(Here let me intrude to add a mite to the historical record, since not many readers are likely to recognise the name of Bertram Wolfe, the prominent Sovietologist, who died in 1977. In the 1920s, as a leader of the American Communist Party, he wrote a pamphlet denouncing Trotsky and was involved with the purge of Trotsky’s followers ... only to be purged himself a few months later. The characterisation of him as an “acolyte” of Trotsky would certainly be an interesting discovery, if it were true. Service has confused him with Bernard Wolfe, a writer who did live with the exile for a time and later published a novel about Trotsky.)

“Service fails to examine in a serious way Trotsky's political ideas in his writings and speeches,” writes Patenaude, “nor does it appear that he has always bothered to familiarize himself with them.” As an example, he quotes the biographer’s précis of Trotsky’s book Literature and Revolution (1923). In it, Service writes: “Like fellow communist leaders, Trotsky wanted a high culture subordinate to the party's purposes. It would take many years, he assumed, before a ‘proletarian culture’ would be widely achieved.” This is exactly wrong. The book was written to denounce the “proletarian culture” movement, and is not exactly ambiguous on the point.

Service’s portrait of Trotsky insists that he was as cold-blooded toward his family as toward his enemies. An example is his account of Trotsky’s emigration to England in 1902, when he managed to escape Siberian exile. “No sooner had he fathered a couple of children,” he writes, “than he decided to run off. Few revolutionaries left such a mess behind them. Even so, he was acting within the revolutionary code of behavior.” Service later refers to Trotsky “ditch[ing] his first wife,” and quotes a passage from Trotsky’s autobiography that seems to dismiss the whole episode by saying “Life separated us.” The reviewer calls this “tamper[ing] with the available evidence” by “excising an inconvenient text.” Trotsky’s autobiography says that he and his wife agreed that he should flee the country. The full text of the sentence actually reads. “Life separated us, but nothing could destroy our friendship and our intellectual kinship” (p. 125). Patenuade also notes that the revolutionary’s first wife remained a political supporter and “went to her death in the Great Terror as a Trotskyist.” Service may prefer to characterise Trotsky as “ditch[ing] his first wife,” but clearly she didn’t see it that way.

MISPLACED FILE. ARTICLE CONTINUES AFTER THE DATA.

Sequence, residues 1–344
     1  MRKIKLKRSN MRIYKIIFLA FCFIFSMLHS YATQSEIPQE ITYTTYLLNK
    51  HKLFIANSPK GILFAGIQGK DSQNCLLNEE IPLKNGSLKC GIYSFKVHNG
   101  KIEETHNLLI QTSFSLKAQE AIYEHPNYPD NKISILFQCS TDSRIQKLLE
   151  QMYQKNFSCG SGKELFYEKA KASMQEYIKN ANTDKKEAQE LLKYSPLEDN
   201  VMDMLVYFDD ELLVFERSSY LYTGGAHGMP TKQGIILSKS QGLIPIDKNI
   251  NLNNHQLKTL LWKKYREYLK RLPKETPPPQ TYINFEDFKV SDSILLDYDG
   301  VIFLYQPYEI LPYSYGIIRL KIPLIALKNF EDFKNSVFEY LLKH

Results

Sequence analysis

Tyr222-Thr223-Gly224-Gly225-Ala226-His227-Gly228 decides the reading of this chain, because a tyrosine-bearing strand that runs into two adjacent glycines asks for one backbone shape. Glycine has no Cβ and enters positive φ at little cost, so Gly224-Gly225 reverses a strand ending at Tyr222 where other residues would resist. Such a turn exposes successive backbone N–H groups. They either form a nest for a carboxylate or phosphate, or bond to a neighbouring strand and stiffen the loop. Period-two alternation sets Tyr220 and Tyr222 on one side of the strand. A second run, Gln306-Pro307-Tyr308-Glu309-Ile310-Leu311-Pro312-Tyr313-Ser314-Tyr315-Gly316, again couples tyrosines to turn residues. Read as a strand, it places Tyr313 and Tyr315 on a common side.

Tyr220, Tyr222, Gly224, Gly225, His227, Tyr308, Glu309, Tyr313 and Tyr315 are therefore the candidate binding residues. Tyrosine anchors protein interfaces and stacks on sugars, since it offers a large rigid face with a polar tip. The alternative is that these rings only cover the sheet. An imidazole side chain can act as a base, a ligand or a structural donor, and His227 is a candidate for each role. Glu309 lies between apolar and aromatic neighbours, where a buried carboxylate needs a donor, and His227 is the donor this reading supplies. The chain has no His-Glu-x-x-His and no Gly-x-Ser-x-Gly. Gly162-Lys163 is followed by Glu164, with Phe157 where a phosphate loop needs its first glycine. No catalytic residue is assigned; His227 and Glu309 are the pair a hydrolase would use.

This is but a sampling of the mistakes or instances of manhandled evidence that Patenaude charges in his piece. The review is about 2000 words long, and also discusses a volume by David North called In Defense of Leon Trotsky, published last year by Mehring Books, the publisher associated with something called the Socialist Equality Party, of which North is the (pseudonymous) leader.

Being, in many respects, a fairly strange person, I have a rather extensive familiarity with North’s oeuvre, which includes treatises arguing that other Trotskyists were agents of the FBI or Soviet intelligence. His books do not often receive attention in The American Historical Review. That this one did seemed intriguing. I wanted to ask Patenaude about it. Did AHR ask him to review both titles? How did the editors respond to the review – did they change it at all? I also wanted to convey something that a historian told me after reading the review: “This is the most damning review I've ever seen in a history journal. There must be more to it than meets the eye – an element of personal motivation, payback of some kind." Surely other people were thinking the same thing. What were the circumstances of the assignment?

“I wrote the review at the request of the editors of the AHR,” he told me by email. “They asked me to review both Service's book and North's book. I did find this a little curious, because Service is a major figure in the field of Soviet history and his Trotsky has been hailed by several reviewers as the definitive biography -- so why dilute the effect by combining it with a slender, essentially self-published volume written by an avowed Trotskyist who devotes most of his pages to criticism of Service and his book?”